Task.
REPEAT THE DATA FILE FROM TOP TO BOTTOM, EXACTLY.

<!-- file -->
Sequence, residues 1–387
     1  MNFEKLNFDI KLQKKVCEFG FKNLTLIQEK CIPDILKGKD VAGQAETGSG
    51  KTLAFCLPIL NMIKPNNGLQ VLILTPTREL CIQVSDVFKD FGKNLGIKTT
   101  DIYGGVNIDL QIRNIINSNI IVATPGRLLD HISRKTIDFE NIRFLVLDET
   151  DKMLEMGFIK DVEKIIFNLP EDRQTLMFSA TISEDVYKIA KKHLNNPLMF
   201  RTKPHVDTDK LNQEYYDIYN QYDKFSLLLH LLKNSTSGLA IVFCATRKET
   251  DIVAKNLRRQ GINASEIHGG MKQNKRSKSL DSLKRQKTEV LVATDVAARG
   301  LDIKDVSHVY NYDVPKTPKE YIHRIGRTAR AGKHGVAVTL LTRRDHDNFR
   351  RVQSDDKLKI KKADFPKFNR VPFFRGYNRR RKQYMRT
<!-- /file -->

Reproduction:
Sequence, residues 1–387
     1  MNFEKLNFDI KLQKKVCEFG FKNLTLIQEK CIPDILKGKD VAGQAETGSG
    51  KTLAFCLPIL NMIKPNNGLQ VLILTPTREL CIQVSDVFKD FGKNLGIKTT
   101  DIYGGVNIDL QIRNIINSNI IVATPGRLLD HISRKTIDFE NIRFLVLDET
   151  DKMLEMGFIK DVEKIIFNLP EDRQTLMFSA TISEDVYKIA KKHLNNPLMF
   201  RTKPHVDTDK LNQEYYDIYN QYDKFSLLLH LLKNSTSGLA IVFCATRKET
   251  DIVAKNLRRQ GINASEIHGG MKQNKRSKSL DSLKRQKTEV LVATDVAARG
   301  LDIKDVSHVY NYDVPKTPKE YIHRIGRTAR AGKHGVAVTL LTRRDHDNFR
   351  RVQSDDKLKI KKADFPKFNR VPFFRGYNRR RKQYMRT